A big date in the European gamer's calendar is the European Con-
sumer Trade Show (ECTS) in London. It's a time for 16-year old boys to polish up their fake IDs, dust off the letters confirming their internship at a large game publisher (printed earlier in the week on letterhead paper sold at exorbitant rates by some enterprising individual), and steal their older sister's eyeliner to provide the beard-fluff on their faces with a bit of added support - so they can try to sneak into the show.
By all reports ECTS is like a poor cousin to the Electronic Entertainment Expo (E3) in the U.S., and while that's perhaps being a bit uncharitable, both Sony and Nintendo chose not to attend the show this year - indeed, Nintendo decided to hold its own event at another venue.
I was attending in the hope of seeing some inkling of the Java gaming industry that I'm sure is just around the corner. In terms of the mainstream industry, perhaps I'm becoming jaded as I get older, but I didn't see a hell of a lot of originality there. Sure, there were some interesting-looking 3D Massive Multiplayer Role Playing Games (MMRPGs) with graphics that, at times, defied belief, but there were also the 2D strategy games, the occasional platformer, the FPS shooter; games that didn't add anything new to their respective genres.
Not to tar the entire industry with the same brush, but in these cases, at the very least maybe a technological paradigm shift might inject some much-needed creativity into the products. In a number of cases I didn't see anything that couldn't have been done in Java - which made me wonder why they hadn't been...?
On the embedded front, there was very little at ECTS to interest a Java developer.
The first of two exceptions was FUNCOM (www.funcom.com),
which had an application to convert and transfer any photos from a PC to a mobile
phone. The site was completely Java-driven, and a Java applet was used to manipulate
the picture (changing the optimization and dithering, etc.) before sending it
from the server using reverse-billing SMS. The only problem I noted with their
application was that there didn't seem to be a way to make a less-than-photogenic
developer look good when his photo was sent to the mobile. Sigh...
The other exception was a Korean-based company called Com2uS (www.com2us.com/www.phonegame.net),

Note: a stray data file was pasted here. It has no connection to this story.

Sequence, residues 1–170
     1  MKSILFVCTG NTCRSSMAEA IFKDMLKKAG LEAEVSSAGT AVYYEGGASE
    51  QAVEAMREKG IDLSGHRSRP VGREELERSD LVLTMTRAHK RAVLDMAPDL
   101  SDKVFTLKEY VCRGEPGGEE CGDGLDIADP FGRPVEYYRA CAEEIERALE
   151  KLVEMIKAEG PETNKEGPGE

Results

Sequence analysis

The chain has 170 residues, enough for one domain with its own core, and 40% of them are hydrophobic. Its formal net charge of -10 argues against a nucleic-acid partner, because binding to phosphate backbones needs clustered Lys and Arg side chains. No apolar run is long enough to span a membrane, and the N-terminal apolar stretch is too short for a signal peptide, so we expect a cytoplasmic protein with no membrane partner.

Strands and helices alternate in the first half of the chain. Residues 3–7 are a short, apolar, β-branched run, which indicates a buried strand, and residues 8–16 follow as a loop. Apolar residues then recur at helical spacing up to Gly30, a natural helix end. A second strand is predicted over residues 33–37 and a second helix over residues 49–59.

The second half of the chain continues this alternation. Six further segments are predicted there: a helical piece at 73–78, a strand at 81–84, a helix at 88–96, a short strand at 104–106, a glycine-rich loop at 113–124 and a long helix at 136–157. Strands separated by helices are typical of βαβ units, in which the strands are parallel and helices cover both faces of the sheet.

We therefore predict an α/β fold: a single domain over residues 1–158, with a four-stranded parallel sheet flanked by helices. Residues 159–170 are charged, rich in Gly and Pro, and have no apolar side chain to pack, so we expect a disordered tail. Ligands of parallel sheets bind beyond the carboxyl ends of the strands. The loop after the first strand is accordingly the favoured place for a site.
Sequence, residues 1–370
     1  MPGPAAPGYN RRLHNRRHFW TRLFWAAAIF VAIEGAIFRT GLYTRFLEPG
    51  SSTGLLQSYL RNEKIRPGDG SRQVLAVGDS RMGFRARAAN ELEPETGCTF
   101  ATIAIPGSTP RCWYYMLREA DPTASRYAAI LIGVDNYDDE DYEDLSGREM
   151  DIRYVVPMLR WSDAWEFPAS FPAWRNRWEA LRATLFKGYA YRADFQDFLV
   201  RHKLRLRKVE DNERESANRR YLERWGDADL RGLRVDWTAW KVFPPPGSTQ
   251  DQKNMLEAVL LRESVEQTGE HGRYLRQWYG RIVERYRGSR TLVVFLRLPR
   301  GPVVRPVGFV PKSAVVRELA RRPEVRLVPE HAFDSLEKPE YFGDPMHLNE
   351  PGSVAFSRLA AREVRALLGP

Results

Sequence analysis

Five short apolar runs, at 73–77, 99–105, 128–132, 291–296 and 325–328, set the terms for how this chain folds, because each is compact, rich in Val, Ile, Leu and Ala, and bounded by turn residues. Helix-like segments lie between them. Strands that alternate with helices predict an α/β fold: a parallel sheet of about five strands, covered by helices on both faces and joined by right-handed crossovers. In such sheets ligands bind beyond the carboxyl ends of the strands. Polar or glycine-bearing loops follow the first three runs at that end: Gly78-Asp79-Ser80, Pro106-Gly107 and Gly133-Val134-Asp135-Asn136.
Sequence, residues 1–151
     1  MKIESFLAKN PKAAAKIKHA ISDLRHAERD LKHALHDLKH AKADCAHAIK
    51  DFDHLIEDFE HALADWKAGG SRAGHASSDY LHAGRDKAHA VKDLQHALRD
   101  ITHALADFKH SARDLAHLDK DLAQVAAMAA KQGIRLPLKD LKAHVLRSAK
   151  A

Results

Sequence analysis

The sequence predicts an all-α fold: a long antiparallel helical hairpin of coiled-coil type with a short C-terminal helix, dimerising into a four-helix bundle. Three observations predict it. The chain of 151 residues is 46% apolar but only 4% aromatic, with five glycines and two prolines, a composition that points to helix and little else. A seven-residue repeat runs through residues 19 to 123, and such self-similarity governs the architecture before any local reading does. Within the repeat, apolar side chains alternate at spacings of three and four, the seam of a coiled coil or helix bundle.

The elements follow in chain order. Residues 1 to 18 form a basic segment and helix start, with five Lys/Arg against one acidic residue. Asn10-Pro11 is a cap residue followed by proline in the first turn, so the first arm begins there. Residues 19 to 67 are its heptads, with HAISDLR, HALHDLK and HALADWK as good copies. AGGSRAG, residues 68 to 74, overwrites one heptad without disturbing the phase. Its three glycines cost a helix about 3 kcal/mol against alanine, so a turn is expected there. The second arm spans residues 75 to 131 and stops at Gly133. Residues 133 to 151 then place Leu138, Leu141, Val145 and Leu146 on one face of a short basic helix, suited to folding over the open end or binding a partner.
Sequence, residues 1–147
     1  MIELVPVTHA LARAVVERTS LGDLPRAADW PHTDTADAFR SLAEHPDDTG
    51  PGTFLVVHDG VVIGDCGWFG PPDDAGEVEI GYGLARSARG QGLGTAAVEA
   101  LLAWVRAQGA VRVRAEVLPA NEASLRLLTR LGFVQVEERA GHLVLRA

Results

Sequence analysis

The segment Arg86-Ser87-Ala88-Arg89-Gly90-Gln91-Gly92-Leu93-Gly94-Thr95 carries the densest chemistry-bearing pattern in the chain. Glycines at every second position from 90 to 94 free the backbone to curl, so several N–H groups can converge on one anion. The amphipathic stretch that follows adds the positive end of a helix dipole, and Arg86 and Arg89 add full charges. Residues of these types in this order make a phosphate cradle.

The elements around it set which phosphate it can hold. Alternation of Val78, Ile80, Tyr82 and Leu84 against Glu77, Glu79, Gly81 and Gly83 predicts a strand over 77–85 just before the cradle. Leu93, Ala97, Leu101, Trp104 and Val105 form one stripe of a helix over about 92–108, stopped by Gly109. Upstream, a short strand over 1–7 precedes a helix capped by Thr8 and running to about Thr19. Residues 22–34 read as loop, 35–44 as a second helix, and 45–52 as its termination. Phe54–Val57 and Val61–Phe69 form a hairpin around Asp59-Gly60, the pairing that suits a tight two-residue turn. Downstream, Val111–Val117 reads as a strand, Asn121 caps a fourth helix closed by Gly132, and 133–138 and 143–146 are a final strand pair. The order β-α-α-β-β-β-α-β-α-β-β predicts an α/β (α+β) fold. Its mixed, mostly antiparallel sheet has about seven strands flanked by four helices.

which develops games for a number of mobile platforms including J2ME (KVM),
Game Virtual Machine (GVM by Sinjisoft), WAP, and BREW. Their games include
arcade, puzzle, board, and casino genres, as well as role-playing. At the company's
booth were a number of color mobile phones. Unfortunately, the woman from Com2uS
was rather too attentive, otherwise their display might have wound up lacking
a few devices...and half of their software catalog.
Com2uS is apparently one of the founding members of the Java Wireless Developers Council for Sun and a consultant to LG Telecom's EZ-Java program. In any case not only are the phones impressive to look at, but the games look brilliant.
So, apart from the aforementioned companies, not altogether a positive showing for Java at the show - at least from my point of view. Perhaps you were there as well? Maybe you noticed other Java and/or mobile Java games on display that I missed? Let me know...unless, of course, you were one of the large group of males reexperiencing their adolescence as they clustered around three bikini-clad models at a booth promoting an erotic game of some sort (of course I noticed...what am I, blind??). In which case, don't bother. You've probably fried a few too many brain cells to remember much else about the show.
Jason Briggs works as a Java analyst programmer in London. He's been officially developing in
Java for three years - unofficially for just over four.